adolescents, asylum seekers, Australia, Children, detainees, detention, doctors, harm, mental health issues, policy, shame, suffering, suicidal, Torture
Australia’s detention regime sets out to make asylum seekers suffer, says chief immigration psychiatrist
The chief psychiatrist responsible for the care of asylum seekers in detention for the past three years has accused the immigration department of deliberately inflicting harm on vulnerable people, harm that cannot be remedied by medical care.
“We have here an environment that is inherently toxic,” Dr Peter Young told Guardian Australia. “It has characteristics which over time reliably cause harm to people’s mental health. We have very clear evidence that that’s the case.”
Young is the most senior figure ever to condemn the detention system from within. Until a month ago he was director of mental health for International Health and Medical Services (IHMS), the private contractor that provides medical care to detention centres on the Australian mainland, Christmas Island, Nauru and Manus Island.
Young has extensively briefed Guardian Australia about a system he says is deliberately harsh, breaks people’s health, costs a fortune, compromises the ethics of doctors and is intended to place asylum seekers under “strong coercive pressure” to abandon plans to live in Australia. “Suffering is the way that is achieved.”
He believes this process is akin to torture: “If we take the definition of torture to be the deliberate harming of people in order to coerce them into a desired outcome, I think it does fulfil that definition.”
Young strongly criticised the immigration department for:
• Delays that endanger health in bringing patients to Australia from Manus and Nauru: “It is seen as undesirable because it undermines the idea that people are never going to Australia and also because of the concern that if people arrive onshore then they may have access to legal counsel and other assistance.”
• Leaving people in detention who are acutely suicidal: “Trying to manage them in a non-therapeutic setting like that is just inherently futile. It’s not going to work.”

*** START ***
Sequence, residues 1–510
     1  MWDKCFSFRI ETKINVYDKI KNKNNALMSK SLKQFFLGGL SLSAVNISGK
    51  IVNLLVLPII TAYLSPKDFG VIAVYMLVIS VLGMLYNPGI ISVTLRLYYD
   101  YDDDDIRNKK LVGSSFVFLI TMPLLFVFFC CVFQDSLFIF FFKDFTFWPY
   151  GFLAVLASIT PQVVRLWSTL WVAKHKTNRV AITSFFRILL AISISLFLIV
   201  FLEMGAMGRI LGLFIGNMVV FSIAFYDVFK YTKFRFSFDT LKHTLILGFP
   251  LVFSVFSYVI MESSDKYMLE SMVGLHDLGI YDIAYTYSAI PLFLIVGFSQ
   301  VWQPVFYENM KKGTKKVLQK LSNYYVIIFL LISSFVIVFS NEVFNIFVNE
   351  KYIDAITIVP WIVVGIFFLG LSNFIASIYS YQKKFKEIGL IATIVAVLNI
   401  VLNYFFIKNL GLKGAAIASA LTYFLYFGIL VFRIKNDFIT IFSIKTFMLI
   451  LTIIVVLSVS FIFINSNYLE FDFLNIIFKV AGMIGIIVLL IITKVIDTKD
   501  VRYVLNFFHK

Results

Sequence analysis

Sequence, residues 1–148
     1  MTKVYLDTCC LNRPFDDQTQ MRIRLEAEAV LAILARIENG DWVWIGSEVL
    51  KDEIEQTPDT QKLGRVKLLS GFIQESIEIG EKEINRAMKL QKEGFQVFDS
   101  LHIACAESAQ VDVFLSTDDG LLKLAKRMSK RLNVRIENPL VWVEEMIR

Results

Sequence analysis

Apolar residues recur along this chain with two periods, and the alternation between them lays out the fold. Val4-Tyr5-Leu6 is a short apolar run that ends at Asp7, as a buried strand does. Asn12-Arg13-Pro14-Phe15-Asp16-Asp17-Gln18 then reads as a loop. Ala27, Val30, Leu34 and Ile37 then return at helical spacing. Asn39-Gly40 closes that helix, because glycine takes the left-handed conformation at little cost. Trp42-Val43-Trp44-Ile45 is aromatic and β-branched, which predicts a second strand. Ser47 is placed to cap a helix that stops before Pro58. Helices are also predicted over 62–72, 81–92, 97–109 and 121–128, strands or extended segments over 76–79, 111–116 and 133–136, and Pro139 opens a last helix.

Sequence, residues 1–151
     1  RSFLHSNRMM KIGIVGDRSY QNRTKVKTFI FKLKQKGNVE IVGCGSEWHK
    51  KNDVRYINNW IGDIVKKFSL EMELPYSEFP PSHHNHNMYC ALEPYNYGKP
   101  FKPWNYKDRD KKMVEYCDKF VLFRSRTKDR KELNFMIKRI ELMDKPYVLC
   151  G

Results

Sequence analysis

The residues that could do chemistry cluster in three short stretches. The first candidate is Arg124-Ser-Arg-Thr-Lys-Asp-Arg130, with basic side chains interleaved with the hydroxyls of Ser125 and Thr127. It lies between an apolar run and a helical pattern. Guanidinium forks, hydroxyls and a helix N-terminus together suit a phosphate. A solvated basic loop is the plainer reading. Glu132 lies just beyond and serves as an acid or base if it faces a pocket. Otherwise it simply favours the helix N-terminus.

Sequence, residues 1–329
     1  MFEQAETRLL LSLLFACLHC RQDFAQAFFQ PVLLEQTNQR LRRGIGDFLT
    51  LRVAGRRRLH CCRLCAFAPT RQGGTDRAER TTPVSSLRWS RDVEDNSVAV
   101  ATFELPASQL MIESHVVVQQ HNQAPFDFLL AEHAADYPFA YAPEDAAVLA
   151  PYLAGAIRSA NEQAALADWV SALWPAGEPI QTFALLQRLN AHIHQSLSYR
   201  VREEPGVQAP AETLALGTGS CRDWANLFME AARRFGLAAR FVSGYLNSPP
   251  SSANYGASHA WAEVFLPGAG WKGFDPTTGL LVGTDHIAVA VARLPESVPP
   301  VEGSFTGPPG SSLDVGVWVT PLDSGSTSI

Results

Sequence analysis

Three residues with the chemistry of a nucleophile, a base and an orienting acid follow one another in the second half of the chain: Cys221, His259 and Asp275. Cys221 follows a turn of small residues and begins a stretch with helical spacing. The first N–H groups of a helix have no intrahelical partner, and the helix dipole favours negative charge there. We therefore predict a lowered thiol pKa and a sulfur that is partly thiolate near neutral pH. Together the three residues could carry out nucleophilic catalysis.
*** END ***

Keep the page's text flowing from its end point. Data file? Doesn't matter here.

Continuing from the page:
• Returning patients with less severe problems to detention despite medical advice that they cannot be expected “to fully respond to treatment in an environment that was making them sick”.
• Misusing patient information. “People disclose a lot of personal information which is then recorded in notes which are then available to non-medical people for other purposes.” Young says the dual role of IHMS staff treating detainees but reporting to the department raises fundamental ethical problems for doctors in the system.
• Displaying an obsession with secrecy: “Speaking out of turn is clamped down on whenever it occurs … they continue to maintain the fantasy that they can keep everything a secret.”
• Reluctance to gather and use mental health statistics that might “result in controversy or threaten the application of the policies of deterrence”.
• Directing doctors not to put in writing that detention has led to deterioration in their patients’ mental health. IHMS doctors ignored the direction. Young said they saw evidence all around them of detainees “sick because they are there and getting sicker while they remain there”.
The Manus camp particularly appalled Young. “When you go to Manus Island and you walk down what is called the ‘walk of shame’ between the compounds and you see the men there at the fences it’s an awful experience,” he says.
“You have to feel shame. You have to understand what that feeling is about in order to be able to be compassionate. By feeling the shame you stay on the right side of the line.”
Young told Guardian Australia IHMS figures had shown for some time that a third of adults and children in the detention system had what he called “a significant-level disorder”. If they were living in Australia, that would require the care of specialist medical health services. The figures only got worse as detainees stayed longer in detention: “After a year it approaches 50%.”
Last week, in alarming evidence to an Australian Human Rights Commission inquiry, Young said the immigration department had refused to accept IHMS statistics proving damage to children and adolescents held in prolonged detention. He told the inquiry: “The department reacted with alarm and asked us to withdraw the figures.”